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Good ol’ Skidder was quite the bitch I must say as I think descending this on foot would be equally if not more horrifying than it would be on skis.  Anyway from that point we managed to get back onto another gravel road who really knows what it was called.  Regardless it gave us a chance to catch our breath again and look for our next path up the mountain.  Sadly for my legs we still had some ascending left to do before we reached what looked like the top of the ski lift we seemed to be paralleling.  Thankfully the climb to the next trail map took a lot less out of us…not that there was much left at this point.  Once Andrew got a look at the map he noticed that there were only a few more trails to get to the summit so we opted to just take the first one we came across, again just winging it.

 

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A look up our final push to the summit

At this point of the day our legs were spent but strangely working well enough to carry us through this last little bit.  After 5 minutes going up this last ski trail we finally broke tree line for good and made our way up to the rocky summit of Sugarloaf.  On the way I could help but notice an abundance of trash and other crap, and oh yeah cell towers which for me didn’t ruin the experience but it did make it feel weird.  It didn’t take us all that long from when we started but I was happy to be at the summit and get in a peak despite Maine throwing us infinite curveballs.  We must have spent over a half hour at the summit, and despite the horrible bugs we managed to enjoy ourselves.

 

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Yay At&t

 

 

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Failed assassination attempt of the cell tower

 

After touring the strange yet still impressive summit of Sugarloaf we decided it was time to head back down.  We decided we were just going to wing it for the entire descent so with that in mind we made our way to the comically named Cinder Hoe.  We decided the name made us laugh hard enough (yeah I’m immature I guess…whatever) that we would grace the trail with our presence.  That lasted a short bit because before long the trail became overgrown with vegetation that I could not really identify so we cut through some trees and walked directly under the ski lift until we were back on a gravel road.  We followed this for some time and it was pretty easy going until we decided to get back on the grassy ski trails.  We came to a sign for Tote Road again as well as a few other trails which meant it was time to make another decision.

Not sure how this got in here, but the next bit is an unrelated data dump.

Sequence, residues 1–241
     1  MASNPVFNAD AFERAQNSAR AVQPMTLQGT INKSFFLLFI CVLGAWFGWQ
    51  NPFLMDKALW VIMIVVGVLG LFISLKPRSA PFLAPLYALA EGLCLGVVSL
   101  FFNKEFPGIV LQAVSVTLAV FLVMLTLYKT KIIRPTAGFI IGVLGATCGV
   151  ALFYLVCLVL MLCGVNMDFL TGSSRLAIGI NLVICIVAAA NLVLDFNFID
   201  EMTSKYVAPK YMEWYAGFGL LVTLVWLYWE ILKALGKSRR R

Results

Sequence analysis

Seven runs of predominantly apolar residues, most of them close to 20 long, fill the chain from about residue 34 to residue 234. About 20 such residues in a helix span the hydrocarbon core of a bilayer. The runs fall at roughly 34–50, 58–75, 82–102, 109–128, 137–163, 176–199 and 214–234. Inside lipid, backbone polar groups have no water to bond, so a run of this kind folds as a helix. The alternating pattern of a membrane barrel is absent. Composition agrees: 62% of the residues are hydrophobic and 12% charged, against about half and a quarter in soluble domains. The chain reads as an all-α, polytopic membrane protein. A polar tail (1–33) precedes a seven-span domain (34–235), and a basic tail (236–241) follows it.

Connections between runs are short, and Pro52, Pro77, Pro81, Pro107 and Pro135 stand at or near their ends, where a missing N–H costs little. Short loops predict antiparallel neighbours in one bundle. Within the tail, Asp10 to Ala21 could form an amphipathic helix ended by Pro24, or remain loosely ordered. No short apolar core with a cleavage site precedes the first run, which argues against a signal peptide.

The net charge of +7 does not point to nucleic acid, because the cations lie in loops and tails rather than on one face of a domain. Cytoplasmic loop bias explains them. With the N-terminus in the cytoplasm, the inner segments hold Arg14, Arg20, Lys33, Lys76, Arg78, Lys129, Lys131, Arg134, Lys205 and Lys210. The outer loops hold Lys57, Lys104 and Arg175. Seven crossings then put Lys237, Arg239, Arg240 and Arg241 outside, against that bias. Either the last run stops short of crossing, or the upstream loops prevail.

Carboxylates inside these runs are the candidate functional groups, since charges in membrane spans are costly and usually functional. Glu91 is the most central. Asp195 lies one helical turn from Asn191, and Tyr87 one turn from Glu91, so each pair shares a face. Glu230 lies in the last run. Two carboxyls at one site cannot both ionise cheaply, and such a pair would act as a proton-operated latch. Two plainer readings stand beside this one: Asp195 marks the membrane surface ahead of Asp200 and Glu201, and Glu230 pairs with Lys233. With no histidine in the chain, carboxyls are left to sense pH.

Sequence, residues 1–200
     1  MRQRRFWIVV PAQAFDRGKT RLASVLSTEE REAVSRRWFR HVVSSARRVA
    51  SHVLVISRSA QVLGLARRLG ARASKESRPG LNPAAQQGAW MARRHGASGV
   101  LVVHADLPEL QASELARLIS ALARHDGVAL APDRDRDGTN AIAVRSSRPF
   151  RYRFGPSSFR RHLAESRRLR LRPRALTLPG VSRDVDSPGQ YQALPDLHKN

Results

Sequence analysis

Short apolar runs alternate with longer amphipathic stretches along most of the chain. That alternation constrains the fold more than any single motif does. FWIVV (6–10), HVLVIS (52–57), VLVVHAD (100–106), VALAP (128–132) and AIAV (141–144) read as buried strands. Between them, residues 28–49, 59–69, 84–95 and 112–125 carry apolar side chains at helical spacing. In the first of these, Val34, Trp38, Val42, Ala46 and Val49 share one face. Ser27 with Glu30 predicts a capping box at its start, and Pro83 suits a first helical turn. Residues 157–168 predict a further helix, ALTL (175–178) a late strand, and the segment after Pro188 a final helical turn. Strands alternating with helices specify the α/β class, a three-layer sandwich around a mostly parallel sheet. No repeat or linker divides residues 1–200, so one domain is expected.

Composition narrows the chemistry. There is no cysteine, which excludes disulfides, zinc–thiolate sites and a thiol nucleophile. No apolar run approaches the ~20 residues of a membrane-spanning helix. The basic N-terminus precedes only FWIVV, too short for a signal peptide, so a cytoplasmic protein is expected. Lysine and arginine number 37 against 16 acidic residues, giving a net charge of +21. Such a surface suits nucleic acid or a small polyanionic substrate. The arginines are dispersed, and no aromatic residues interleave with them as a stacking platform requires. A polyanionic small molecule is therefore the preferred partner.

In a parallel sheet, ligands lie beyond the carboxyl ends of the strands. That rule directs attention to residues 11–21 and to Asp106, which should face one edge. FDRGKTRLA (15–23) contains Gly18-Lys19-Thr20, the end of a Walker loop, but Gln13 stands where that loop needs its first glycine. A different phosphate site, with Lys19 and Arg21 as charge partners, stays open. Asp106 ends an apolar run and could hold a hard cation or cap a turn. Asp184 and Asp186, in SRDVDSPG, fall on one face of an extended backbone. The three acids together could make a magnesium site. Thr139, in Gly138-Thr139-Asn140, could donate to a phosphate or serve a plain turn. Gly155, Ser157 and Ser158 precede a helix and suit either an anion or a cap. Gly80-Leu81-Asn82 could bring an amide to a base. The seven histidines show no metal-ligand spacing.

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Well you can probably guess that we did not take the suggested route down because to us it seemed less direct and less fun.  So we decided to literally run down the Double Bitter trail which was rated a black diamond for skiers.  To be honest the running was sort of fun as we don’t typically have conditions available to condone such methods of descent.  I honestly wouldn’t recommend running down a mountain although I guess all of you psychotic trail runners do so who am I to suggest its not the safest.  Anyway this did help to cut more time off our descent.  We kept jogging off and on down random trails until we finally saw the base lodge again.  After all that transpired earlier in the day we were happy to get one closer to the Northeast 111 and successfully complete our third straight day for hiking.  We decided to make our way back into “town” and relax for the night.

Recommendation for Hikers:  Sugarloaf Mountain can be hiked pretty easily from the ski area but many may try to hike this from the Caribou Pond Road for a more conventional hiking experience (this option was not available to us since they were constructing new bridges on the way to the trailhead).  For peak baggers it may be wise to combine this climb with Spaulding Mountain and Mt Abraham especially if you need to make a long trek to get here.  All in all the hike is not crazy difficult at just over 4 miles but the views are slightly soured by the presence of the summit cell towers.

Sugarloaf:  Difficulty – 3  Views – 7

 

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Mount Bigelow (Avery Peak & West Peak) – Maine Trip Day 2